Cross-Pollination Between African Americans And Jewish Americans In Producing Popular Culture
The interaction between African American and Jewish American cultures is often not discussed by scholars and the public, however, it has had a significant influence on the development of popular culture in the United States. The cooperation of African American and Jewish American artists was mainly reflected in the field of music in the form of the blues and hip-hop, which today are the important elements of pop culture. Because of their disadvantaged social statuses and geographic neighborhood, Jewish and American cultures were constantly interacting, which has led to the development of new music genres.
Both African Americans and Jewish Americans are the so called ‘traditionally’ discriminated groups, which was a factor that enforced the cooperation between the two. In order to acquire a better understanding of this type of cooperation, it is important to trace back to the history of the development of African-Jewish relationship in the United States. Specifically, urban areas of the United States were often the destination for Jewish immigrants from Eastern Europe and African Americans who were trying to escape from the post-slavery oppression and violence that was still common in rural areas. Given the close geographical location and the fact that the Jewish people tend to assimilate to their host culture, Jewish and African American cultures were closely intertwined and were thus constantly interacting. This cooperation between the Jewish people and African Americans was further supported by the civil rights movement. More specifically, Jewish Americans and African Americans finally got the opportunity to organize their joint efforts and represent themselves as a collective agency in order to fight oppression and racism. This political cooperation was supported by cultural interaction reflected in the artworks of Betty Bop, Chuck Berry, Howlin Wolf etc.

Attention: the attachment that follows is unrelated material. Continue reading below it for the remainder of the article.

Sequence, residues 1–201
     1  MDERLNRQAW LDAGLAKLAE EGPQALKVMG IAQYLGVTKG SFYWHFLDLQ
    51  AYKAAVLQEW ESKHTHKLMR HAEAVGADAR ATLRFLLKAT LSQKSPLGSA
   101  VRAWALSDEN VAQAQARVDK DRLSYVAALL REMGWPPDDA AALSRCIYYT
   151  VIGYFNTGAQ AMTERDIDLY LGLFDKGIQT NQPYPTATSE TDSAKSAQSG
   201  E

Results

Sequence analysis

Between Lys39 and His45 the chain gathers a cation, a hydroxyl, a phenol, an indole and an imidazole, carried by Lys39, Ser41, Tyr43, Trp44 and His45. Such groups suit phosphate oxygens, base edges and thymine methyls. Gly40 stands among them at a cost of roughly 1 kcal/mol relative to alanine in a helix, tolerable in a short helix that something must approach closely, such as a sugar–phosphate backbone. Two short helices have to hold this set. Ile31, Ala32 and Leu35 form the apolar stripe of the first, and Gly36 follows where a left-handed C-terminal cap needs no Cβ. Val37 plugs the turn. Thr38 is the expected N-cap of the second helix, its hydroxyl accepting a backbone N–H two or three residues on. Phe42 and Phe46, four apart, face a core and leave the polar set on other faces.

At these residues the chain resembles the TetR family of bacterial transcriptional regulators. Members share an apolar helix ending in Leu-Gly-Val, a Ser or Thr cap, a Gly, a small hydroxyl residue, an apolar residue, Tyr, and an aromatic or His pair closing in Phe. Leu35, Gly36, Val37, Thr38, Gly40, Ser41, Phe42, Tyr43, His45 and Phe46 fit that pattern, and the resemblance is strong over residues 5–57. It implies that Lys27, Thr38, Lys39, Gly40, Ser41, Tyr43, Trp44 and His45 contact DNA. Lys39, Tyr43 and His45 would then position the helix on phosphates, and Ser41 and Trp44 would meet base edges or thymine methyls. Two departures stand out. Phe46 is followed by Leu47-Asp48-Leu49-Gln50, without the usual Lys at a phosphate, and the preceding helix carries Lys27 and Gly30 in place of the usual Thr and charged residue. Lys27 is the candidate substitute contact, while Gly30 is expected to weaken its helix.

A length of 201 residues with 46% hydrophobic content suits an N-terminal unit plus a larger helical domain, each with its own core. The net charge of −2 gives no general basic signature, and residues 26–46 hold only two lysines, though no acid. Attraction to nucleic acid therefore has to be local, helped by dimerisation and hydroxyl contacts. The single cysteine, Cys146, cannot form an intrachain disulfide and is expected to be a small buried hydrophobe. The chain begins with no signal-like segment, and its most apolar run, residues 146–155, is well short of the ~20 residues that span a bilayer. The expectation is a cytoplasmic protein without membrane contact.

Cross-pollination between African Americans and Jewish Americans led to the development of blues and hip hop as the new genres of urban music. It is important to understand that in the mid-twenties and up until mid-fifties music was marketed to distinct racial identities. Whilst black performers were predominantly blues artists, white Americans were country music singers. Therefore, there have also been inequalities within the field of music, where ‘black’ music had a subordinated status. Given the above-mentioned cross-pollination and the fact that Jewish Americans were not considered to be ‘fully white’ back then, Jewish artists have also found their reflection in the blues and hip hop. There was a whole concept created to mark the Jews assimilated to African American culture, which is a Jewish white negro. A very demonstrative is the example of Mezz Mezzrow, who was an American Jew who insisted that he was black. It is important to note, however, that today some experts argue that the blues and hip-hop today have become a means of empowerment of black individuals. Therefore, the cross-pollination of African American and Jewish cultures made a very full contribution to the establishment of the blues and hip hop as subcultural movements that later has become the elements of popular culture.
The geographic neighborhood of African Americans and Jewish Americans and the experience of discrimination and oppression were the factors that influenced cultural interaction between the respective ethnic communities. Given that the blues and hip-hop were considered to be the ‘black’ genres of music, Jewish Americans also assimilated to these African American cultural elements and made a very full contribution to the development of the respective genres. The concept of a White Negro is used to emphasize the adoption of African American cultural elements by Americans of Jewish descent.